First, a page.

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Offline davpott

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Re: Cantium???
« Reply #6 on: October 09, 2014, 21:01:14 »


Interesting question.>>snip see full post below.......unsnip


"The conclusion seems inescapable that the people living in Caesar's Cantium were not known by a collective tribal name, but that there existed in the area several small groups of people, probably referred to simply as 'the people of Cingetorix', etc; hence, it would appear that Caesar had no option than to encompass them all together in his circumlocution.
For it seems both unnecessary and unthinkable, particularly in view of his direct involvement in the area and other specific references to British tribes by name, that Caesar should have known and not used the name for the people of his Cantium, if they had one at the time."*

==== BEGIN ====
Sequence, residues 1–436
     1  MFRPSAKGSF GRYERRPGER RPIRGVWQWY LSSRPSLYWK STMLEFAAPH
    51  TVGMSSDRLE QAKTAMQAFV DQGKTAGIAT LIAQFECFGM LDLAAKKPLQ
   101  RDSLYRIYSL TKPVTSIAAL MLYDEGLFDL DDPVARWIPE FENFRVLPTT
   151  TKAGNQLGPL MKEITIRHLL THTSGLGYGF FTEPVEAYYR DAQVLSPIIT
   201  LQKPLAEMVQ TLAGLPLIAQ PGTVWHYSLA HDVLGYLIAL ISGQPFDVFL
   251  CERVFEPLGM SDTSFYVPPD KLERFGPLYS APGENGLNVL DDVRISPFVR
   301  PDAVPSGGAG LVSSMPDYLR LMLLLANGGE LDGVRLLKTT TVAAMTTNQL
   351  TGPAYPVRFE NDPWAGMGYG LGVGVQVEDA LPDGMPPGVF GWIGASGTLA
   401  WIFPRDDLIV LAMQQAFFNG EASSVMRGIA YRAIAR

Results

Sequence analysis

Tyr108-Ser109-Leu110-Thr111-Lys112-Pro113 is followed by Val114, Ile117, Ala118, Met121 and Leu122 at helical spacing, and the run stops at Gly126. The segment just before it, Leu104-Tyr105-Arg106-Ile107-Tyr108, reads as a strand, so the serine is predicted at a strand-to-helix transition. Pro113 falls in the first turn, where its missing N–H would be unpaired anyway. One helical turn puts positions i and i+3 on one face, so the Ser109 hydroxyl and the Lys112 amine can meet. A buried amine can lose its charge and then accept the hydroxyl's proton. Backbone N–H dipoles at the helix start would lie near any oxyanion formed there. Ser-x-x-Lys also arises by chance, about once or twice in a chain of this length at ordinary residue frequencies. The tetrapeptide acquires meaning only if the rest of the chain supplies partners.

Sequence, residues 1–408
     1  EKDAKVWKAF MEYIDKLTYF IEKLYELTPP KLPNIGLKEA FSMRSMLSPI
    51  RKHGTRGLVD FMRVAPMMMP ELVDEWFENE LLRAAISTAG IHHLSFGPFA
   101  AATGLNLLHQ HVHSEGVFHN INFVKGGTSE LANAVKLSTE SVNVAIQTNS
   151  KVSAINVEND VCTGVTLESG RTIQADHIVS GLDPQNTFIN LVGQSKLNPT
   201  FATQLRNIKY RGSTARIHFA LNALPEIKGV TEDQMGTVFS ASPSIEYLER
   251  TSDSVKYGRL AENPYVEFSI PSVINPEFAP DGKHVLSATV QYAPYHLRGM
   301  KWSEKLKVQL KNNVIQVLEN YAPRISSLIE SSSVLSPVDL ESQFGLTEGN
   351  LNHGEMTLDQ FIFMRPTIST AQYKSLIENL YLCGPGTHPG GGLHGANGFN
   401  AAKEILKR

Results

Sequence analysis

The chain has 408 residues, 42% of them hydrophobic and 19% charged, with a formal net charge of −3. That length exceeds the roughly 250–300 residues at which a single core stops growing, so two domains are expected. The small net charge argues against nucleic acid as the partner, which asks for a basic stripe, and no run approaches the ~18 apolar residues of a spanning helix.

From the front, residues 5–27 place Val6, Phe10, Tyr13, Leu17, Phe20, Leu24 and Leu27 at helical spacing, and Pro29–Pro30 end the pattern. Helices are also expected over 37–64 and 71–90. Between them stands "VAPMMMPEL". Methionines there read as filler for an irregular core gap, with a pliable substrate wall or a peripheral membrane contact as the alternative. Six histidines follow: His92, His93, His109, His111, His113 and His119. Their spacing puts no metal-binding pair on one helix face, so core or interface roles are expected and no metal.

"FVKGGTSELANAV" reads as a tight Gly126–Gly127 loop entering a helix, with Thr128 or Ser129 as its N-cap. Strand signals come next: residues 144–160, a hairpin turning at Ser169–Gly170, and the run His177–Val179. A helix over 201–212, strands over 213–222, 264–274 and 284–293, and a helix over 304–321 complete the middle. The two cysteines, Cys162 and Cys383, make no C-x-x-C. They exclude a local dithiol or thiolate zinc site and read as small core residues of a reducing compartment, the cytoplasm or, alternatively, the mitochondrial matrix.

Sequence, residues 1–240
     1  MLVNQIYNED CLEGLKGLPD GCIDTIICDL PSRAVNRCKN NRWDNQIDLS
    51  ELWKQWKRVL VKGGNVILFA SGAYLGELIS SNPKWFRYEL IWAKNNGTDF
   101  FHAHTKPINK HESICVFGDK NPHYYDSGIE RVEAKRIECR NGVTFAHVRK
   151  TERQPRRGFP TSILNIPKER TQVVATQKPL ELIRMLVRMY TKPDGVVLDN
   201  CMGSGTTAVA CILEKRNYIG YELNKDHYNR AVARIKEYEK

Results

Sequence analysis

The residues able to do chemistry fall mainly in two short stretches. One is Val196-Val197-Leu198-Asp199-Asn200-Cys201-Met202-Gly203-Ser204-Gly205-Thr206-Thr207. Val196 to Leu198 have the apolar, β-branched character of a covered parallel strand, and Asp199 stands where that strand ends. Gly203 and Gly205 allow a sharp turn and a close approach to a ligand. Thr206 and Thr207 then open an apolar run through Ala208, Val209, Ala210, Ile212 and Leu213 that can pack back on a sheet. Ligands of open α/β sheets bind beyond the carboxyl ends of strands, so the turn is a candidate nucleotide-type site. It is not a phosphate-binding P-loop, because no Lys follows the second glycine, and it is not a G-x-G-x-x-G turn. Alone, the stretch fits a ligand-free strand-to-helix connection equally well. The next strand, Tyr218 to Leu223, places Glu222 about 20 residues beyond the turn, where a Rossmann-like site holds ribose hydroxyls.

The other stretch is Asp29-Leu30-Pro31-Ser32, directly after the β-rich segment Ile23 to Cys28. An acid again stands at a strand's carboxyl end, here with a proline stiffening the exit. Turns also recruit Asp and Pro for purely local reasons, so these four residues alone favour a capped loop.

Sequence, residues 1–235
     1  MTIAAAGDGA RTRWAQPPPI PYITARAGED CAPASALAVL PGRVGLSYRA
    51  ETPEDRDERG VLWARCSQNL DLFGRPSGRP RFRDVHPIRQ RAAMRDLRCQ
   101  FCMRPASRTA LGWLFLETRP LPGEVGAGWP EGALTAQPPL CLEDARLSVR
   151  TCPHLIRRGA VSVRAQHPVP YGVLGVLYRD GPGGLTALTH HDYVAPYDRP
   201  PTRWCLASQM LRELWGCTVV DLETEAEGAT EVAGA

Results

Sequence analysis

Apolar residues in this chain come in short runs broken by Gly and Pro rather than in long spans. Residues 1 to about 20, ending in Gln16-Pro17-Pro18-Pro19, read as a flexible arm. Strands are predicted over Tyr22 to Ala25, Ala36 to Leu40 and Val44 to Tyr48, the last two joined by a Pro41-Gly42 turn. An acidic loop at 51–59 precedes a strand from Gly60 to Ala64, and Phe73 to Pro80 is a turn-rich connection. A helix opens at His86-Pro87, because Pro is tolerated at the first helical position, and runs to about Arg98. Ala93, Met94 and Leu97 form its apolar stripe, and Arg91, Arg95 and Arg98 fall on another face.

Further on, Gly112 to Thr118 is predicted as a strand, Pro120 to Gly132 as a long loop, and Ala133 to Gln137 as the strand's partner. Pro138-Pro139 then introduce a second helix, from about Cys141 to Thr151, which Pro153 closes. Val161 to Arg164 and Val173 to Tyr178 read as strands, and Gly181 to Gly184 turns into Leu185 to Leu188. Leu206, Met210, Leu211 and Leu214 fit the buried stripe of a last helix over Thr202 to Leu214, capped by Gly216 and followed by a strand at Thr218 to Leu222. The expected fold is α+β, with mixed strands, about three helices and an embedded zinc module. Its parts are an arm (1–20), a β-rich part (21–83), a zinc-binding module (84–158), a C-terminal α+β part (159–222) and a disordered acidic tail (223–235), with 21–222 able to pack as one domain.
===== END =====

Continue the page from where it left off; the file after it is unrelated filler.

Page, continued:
*The Cantiaci. Alex Detsicas, 1983. pages 6-7.

Cantium seems to be what the Greeks/Romans called Kent rather than the inhabitants themselves.
The name Cantium, given by Pytheas of Massalia (c300bc) originally refered to either the north or south foreland rather than the 'land of the Cantii'.

I was just about to dig out my copy of Detsicas to find exactly the same tracts Herb Collector quoted in their comment on this topic three years ago when I thought I'd better check the thread before I wrote anything :)

Other than to add I did check a more recent publication to Detsicas' which while, still well respected, is now over 30 years old. It concurs with Detsicas that "Caesar names four kings who ruled in Kent during the first century BC but no tribe here. The documented regional tribal name the Cantiaci seems to be the product of later Roman administration post - AD43." (An Historical Atlas of Kent eds Lawson & Killingray 2004.p16).

Despite even in modern times the idea that Kent is derived from the name of the people living here before the Romans is being regurgitated regularly. It can't escape the fact that unfortunately it doesn't. There is no record of what they called themselves if indeed they ever saw reason to give themselves a name which in itself is unlikely.